A reviewable document requires that calculations be detailed enough for qualified people to duplicate them and understand the document without help from the originators. Computer program input lists should include all data and commands to reproduce identical outputs. Those documents are best compiled using popular software that is easy to manage. One application that fits the bill is MathCad. It improves quality and productivity by mixing text regions and calculations, enforces unit consistency to eliminate errors, and lets one set of calculations be quickly copied and modified to create another.

Restraints resist movements to control pipe position. Pipes far from supporting structures typically use tie rods or struts. Tie rods only handle tension loads. Struts withstand tension and compression, but must not buckle.

Stops restrain translation in one or both directions along one or more axes. Guides prevent pipe rotation about one or more axes. Stops and guides are for pipes close to supporting structures. High stress in pipe due to large moments is usually accompanied by large displacements one or two sections away. Pinning down those sections using stops or guides usually reduces pipe stresses.

Anchors constrain translation and rotation of pipes in all axes. Typical anchors include equipment connections, heavy valves secured to foundations, concrete walls, and floors. Anchors can control movements of large systems or isolate influences from one zone to another.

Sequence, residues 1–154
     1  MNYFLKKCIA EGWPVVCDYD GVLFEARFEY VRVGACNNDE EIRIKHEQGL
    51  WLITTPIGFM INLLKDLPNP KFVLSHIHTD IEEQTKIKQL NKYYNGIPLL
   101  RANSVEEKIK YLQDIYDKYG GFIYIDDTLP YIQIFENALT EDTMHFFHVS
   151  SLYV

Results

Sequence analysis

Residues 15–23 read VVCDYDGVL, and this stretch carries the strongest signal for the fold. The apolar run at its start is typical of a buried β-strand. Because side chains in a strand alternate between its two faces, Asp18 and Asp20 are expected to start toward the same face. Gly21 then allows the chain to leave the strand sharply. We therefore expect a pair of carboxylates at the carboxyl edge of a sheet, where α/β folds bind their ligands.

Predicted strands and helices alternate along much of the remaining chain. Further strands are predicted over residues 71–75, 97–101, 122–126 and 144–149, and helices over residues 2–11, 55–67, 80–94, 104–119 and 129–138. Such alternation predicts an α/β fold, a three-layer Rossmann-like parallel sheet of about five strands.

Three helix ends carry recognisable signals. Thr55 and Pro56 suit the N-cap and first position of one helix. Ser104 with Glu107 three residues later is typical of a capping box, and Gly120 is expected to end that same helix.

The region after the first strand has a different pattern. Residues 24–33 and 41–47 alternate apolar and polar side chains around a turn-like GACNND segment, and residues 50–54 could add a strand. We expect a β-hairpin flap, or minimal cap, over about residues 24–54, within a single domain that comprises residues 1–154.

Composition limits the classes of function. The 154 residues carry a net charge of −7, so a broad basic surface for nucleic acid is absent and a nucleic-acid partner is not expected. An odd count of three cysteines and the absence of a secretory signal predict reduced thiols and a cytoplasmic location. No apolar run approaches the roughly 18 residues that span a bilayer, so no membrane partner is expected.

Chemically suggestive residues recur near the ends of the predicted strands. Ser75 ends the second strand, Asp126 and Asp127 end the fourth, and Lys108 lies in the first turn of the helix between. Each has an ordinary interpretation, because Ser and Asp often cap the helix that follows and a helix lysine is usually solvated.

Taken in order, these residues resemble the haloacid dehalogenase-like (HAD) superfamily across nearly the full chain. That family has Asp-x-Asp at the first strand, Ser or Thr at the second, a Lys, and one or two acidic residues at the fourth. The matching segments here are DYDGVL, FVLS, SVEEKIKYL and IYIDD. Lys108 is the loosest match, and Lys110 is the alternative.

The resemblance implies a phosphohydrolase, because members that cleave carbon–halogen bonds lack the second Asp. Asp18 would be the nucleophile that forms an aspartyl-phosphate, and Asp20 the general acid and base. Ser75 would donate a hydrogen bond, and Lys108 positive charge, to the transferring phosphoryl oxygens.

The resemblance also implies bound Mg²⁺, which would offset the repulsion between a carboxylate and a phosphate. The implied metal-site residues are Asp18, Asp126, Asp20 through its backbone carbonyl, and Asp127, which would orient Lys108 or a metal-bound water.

Thermal loads

Thermal loads on anchors arise when designs restrict pipe expansion/contraction. There are three common ways to mitigate the problem:

Offsetting and loops allow room for expansion and, thus, reduce thermal load on anchors — as shown in the accompanying illustration.

Elastic support makes an anchor slightly “flexible.” It reduces thermal load as follows:

Difficult connection-load situations are often resolved using the stiffness vector of the equipment connection in the analysis model rather than assuming it is rigid. This helps ensure a support is not overdesigned because greater rigidity increases support reactions.

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Expansion joints absorb thermal expansion or contraction to lessen loads on anchors or restraints. But restraints on both sides of an expansion joint must bear the fluid force from the pipe; and friction forces in slip type or deflection forces in corrugated expansion joints.

Resources and references